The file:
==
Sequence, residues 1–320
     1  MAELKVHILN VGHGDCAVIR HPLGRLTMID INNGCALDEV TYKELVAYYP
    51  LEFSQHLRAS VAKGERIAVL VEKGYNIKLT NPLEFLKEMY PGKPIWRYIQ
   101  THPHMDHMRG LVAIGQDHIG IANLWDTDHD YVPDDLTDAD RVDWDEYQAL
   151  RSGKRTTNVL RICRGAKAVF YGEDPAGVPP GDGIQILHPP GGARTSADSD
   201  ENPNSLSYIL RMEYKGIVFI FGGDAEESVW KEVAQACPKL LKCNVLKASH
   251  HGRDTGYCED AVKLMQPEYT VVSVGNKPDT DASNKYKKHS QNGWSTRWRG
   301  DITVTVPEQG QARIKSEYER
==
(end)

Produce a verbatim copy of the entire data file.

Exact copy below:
Sequence, residues 1–320
     1  MAELKVHILN VGHGDCAVIR HPLGRLTMID INNGCALDEV TYKELVAYYP
    51  LEFSQHLRAS VAKGERIAVL VEKGYNIKLT NPLEFLKEMY PGKPIWRYIQ
   101  THPHMDHMRG LVAIGQDHIG IANLWDTDHD YVPDDLTDAD RVDWDEYQAL
   151  RSGKRTTNVL RICRGAKAVF YGEDPAGVPP GDGIQILHPP GGARTSADSD
   201  ENPNSLSYIL RMEYKGIVFI FGGDAEESVW KEVAQACPKL LKCNVLKASH
   251  HGRDTGYCED AVKLMQPEYT VVSVGNKPDT DASNKYKKHS QNGWSTRWRG
   301  DITVTVPEQG QARIKSEYER